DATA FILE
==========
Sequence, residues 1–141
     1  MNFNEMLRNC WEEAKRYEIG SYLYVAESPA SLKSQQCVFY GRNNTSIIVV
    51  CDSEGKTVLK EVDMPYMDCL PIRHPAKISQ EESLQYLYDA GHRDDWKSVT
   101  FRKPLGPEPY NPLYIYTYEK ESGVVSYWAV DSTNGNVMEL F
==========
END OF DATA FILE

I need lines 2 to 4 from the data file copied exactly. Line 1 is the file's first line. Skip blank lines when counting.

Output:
     1  MNFNEMLRNC WEEAKRYEIG SYLYVAESPA SLKSQQCVFY GRNNTSIIVV
    51  CDSEGKTVLK EVDMPYMDCL PIRHPAKISQ EESLQYLYDA GHRDDWKSVT
   101  FRKPLGPEPY NPLYIYTYEK ESGVVSYWAV DSTNGNVMEL F